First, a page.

If you know any cricket fans that live in London, they may either be members of Middlesex County (the "home" team at Lord's) or know somebody who is, which means they may be able to sign you into the Pavilion during a county match. The dress code is strictly enforced by the elderly, slightly grumpy stewards; jacket and tie, proper shoes, etc, but it's worth it. If you don't have a suit jacket or blazer, find a charity shop and buy one. I suggest you telephone the membership office to double check the requirements; they're very helpful, and terribly British.

Where to eat and drink

Rather excitingly, Lord's is one of the very few sporting venues anywhere in the world where you can bring your own beer or wine, even to a test match. Many people pack marvellous picnics and make themselves comfortable wherever they can. Check with the ticket office for restrictions.

St John's Wood is a pretty salubrious area. Paul McCartney regularly goes to the Lord's gym to stand on his head and the place is surrounded by multimillion-pound houses, which means the shopping and dining can be high-end, both in price and quality. On St John's Wood High Street, try Harry Morgan for decent New York deli food and great cheesecake, Sofra for modern swanky Turkish, or Carluccio's, a very good Italian chain. The bread shop does good coffee.

For a pint, go where the locals go and find The Star. It's a good, old-fashioned boozer. Mary the publican is a proper Irishwoman and pours a mean pint of Guinness, and the food is good standard pub fare. Alternatively, the Duke of York thinks it is a bit more upmarket, but can get horribly crowded. Another option is to find The Ordnance, just off the main drag. It's a Samuel Smith's brewery pub, which means they don't sell normal brands. Their beer is good, the manager is a slightly terrifying woman from the Hawkes Bay, and it's dirt cheap, so cheap in fact that even Michael Vaughan, legendary tight Northerner, was overheard commenting on what good value it is. Aside from The Star and the Uxbridge Arms in Notting Hill, it's probably my favourite pub in London, and I've tried several.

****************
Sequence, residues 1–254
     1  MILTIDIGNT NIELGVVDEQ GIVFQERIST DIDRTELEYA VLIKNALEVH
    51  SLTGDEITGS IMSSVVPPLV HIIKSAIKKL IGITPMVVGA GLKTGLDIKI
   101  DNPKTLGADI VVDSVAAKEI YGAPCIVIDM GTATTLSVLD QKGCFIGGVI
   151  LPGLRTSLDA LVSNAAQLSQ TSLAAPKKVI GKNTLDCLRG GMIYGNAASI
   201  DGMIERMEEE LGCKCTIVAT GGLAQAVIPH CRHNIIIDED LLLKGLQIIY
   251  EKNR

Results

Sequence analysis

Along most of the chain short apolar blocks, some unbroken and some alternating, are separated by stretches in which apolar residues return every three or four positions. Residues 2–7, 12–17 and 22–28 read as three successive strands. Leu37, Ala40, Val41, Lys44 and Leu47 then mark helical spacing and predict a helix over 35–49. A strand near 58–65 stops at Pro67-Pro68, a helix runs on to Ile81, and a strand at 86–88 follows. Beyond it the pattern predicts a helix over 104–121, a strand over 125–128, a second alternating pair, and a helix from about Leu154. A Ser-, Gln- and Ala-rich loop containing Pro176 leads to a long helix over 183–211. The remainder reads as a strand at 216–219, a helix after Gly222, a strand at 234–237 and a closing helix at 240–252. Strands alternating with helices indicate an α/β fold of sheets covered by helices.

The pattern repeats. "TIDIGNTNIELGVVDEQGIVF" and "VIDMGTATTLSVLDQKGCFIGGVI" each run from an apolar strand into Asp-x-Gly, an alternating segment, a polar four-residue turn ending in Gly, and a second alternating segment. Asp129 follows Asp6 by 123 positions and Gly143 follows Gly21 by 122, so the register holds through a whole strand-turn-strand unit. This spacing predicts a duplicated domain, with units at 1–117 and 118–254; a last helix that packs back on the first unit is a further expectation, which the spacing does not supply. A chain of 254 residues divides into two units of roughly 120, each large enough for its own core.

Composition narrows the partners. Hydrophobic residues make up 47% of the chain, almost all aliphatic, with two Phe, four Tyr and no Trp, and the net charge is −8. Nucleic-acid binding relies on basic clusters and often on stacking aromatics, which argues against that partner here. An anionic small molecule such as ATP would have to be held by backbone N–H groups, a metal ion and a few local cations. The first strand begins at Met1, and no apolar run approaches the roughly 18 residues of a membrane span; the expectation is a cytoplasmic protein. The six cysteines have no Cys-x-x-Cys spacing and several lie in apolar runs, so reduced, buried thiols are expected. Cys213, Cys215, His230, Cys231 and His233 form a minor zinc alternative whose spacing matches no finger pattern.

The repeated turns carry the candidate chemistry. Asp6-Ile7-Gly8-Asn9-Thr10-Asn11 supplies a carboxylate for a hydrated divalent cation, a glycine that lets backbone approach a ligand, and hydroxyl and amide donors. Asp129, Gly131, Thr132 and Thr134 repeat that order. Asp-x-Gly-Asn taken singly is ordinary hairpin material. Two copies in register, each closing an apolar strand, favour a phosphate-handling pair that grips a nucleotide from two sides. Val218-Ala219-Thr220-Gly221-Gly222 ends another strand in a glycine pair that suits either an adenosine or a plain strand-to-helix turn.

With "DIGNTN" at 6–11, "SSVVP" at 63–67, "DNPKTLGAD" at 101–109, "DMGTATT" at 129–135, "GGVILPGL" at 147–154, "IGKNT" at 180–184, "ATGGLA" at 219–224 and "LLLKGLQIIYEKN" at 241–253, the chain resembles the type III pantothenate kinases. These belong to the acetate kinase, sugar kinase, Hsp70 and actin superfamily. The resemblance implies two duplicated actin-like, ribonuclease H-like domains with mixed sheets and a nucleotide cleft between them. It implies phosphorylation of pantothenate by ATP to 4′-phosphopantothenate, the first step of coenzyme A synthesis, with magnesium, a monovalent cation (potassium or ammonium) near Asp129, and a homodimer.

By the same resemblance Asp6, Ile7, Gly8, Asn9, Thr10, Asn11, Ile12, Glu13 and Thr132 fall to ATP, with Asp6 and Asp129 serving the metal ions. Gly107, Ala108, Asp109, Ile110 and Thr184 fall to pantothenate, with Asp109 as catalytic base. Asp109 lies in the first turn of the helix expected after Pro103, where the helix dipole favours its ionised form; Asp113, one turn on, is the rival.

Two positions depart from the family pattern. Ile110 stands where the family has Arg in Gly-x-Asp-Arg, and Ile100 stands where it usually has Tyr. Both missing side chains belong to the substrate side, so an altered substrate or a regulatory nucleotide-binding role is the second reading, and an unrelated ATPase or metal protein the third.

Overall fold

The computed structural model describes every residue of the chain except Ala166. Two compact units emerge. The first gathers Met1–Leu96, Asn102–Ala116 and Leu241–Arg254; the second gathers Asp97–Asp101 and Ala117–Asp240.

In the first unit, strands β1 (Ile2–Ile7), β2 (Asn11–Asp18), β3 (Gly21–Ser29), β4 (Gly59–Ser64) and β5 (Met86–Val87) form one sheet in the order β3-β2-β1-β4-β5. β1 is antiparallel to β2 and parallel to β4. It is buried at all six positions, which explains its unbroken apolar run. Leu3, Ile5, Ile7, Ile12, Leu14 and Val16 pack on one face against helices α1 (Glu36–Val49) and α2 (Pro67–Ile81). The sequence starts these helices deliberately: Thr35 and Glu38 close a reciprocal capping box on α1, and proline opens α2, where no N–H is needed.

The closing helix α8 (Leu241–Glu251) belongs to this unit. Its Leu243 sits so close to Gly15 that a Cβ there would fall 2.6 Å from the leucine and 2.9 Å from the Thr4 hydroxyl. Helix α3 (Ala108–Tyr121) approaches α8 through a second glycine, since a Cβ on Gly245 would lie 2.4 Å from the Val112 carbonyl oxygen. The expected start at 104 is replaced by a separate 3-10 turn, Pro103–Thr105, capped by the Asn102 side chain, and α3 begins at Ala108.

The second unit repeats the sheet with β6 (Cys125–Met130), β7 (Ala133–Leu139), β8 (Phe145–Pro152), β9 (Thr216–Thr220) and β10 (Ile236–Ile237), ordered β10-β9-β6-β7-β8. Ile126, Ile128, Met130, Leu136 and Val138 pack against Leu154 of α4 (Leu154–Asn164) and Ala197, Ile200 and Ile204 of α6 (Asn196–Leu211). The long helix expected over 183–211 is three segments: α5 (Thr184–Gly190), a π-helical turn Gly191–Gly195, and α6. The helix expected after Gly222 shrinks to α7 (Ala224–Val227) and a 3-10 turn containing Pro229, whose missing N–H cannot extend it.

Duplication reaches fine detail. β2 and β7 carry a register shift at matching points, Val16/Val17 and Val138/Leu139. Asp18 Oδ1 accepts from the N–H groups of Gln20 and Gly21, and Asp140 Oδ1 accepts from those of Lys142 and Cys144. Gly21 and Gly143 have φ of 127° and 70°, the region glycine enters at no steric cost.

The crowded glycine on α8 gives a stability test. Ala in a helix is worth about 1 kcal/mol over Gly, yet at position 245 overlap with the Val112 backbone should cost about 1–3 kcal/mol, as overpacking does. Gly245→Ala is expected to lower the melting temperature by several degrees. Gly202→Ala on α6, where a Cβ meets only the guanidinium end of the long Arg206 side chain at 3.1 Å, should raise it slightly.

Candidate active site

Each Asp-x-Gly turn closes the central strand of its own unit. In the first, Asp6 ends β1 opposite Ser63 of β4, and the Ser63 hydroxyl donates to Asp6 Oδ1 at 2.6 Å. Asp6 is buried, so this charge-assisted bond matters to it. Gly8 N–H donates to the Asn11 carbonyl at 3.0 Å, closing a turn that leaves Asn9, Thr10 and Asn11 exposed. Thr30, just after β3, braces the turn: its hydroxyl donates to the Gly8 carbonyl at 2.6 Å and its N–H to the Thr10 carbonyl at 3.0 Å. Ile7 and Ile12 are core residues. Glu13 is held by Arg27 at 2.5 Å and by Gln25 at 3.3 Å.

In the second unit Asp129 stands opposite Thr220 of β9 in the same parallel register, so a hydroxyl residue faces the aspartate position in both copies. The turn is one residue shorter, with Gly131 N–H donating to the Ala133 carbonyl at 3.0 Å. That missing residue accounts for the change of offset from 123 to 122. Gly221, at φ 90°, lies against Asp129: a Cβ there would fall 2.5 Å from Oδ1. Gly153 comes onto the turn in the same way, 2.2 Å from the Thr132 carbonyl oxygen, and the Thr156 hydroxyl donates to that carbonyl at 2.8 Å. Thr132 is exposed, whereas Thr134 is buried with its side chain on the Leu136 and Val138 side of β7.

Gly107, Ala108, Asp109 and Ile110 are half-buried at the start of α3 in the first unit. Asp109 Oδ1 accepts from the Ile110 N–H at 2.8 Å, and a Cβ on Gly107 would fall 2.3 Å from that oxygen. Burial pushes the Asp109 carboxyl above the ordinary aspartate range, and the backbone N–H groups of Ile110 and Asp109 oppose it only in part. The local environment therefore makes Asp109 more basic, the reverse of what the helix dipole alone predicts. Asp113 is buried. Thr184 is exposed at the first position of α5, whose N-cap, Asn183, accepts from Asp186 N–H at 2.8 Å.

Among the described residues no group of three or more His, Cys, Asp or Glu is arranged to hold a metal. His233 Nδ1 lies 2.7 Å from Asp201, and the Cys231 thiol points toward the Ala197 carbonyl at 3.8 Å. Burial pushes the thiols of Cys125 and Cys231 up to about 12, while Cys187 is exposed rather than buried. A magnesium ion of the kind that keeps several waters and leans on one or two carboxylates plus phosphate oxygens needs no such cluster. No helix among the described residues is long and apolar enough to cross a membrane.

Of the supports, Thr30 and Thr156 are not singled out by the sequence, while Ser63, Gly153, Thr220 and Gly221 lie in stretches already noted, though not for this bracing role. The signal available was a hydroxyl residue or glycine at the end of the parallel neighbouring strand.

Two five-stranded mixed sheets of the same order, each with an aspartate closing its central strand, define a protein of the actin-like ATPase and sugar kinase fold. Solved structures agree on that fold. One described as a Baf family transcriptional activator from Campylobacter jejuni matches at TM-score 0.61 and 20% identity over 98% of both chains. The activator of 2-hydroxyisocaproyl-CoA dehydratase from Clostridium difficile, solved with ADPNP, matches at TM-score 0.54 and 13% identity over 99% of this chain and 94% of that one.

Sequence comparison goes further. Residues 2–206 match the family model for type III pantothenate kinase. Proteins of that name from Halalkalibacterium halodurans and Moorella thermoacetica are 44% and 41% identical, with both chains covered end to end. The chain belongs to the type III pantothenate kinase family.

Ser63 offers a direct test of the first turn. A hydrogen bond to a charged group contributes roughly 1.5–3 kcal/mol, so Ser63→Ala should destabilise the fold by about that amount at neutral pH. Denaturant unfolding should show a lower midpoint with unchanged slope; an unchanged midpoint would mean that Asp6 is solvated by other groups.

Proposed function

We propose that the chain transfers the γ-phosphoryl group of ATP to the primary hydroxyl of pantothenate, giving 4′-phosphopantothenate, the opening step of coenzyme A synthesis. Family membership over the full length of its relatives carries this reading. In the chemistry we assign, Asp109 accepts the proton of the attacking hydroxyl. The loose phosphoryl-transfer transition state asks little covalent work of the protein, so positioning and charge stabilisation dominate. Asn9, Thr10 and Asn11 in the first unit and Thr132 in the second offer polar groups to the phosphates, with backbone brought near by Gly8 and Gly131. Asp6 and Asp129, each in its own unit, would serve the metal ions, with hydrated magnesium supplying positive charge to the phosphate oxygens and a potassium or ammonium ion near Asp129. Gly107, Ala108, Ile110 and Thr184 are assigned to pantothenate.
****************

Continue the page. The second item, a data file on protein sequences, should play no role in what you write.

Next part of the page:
Slightly further afield (but still only a short walk) is chaotic Edgware Rd, home to an array of cheap and cheerful Middle Eastern restaurants and cafes. It's a long road, starting at Marble Arch and continuing past Little Venice, but well worth a wander. Also worth looking out for if you're a reformed punk is the Joe Strummer underpass, right by Paddington Green police station. Pubs are scarce on Edgware Rd; the only one I can think of is the Green Man, right next to Edgware Rd Station, which I would avoid.

Just off the posher end of Edgware Rd is Clifton Rd, which harbours a fantastic wine shop (the Winery), a very good but pricey cafe (Raoul's), a great pub with Kiwi leanings (the Windsor Castle), and a pretty ordinary pub called something different almost every week.

Where to stay

The closest hotel is The Danubius (aka the Dubious), which charges according to its proximity to Lord's. There are cheaper options in Swiss Cottage, Finchley Rd or Edgware Rd.

Getting there

On arrival in London, buy a pre-paid Oyster card for cheaper bus and tube rides.

When travelling to St John's Wood, avoid the Tube station of the same name (Jubilee Line) during a major match, it's the closest to the ground, which means 95 per cent of the 25,000 people attending will be in the same carriage as you, meaning 50,000 armpits to try to avoid. Either catch a number 13, 82, 113 or 274 bus (frequent and cheap, and a great way of seeing the city), and get off at the appropriately named "Lord's Cricket Ground" stop, or walk from Marylebone, Edgware Rd, Warwick Avenue, Baker St or even Swiss Cottage Tube stations, each no more than 15 minutes away.

Another lovely option is a gentle stroll down the canal towpath from Camden Town or Paddington, or through Regent's Park.

New Zealand play England at Lord's in a test match from May 16-20, and in a One-Day International on May 31.

Contacts

Lord's Cricket Ground: St John's Wood Rd, London NW8 8QN

Tickets: tickets.lords.org
Phone: +44 207 432 1000,

Membership office: lords.org/membership
Phone: +44 207 616 8660,

Tours office: lords.org/tours
Phone: +44 207 616 8595,

Bus, Tube and train tickets: tfl.gov.uk

The Star Tavern: St. John's Wood Tce, London NW8 6LS.

The Ordnance Arms: 29 Ordnance Hill, London, NW8 6PS.

The Windsor Castle: 3 Lanark Pl, London W9 1BT

Raoul's Gourmet: raoulsgourmet.com

Carluccio's: carluccios.com

Harry Morgan: harryms.co.uk

Sofra: sofra.co.uk

- Herald on Sunday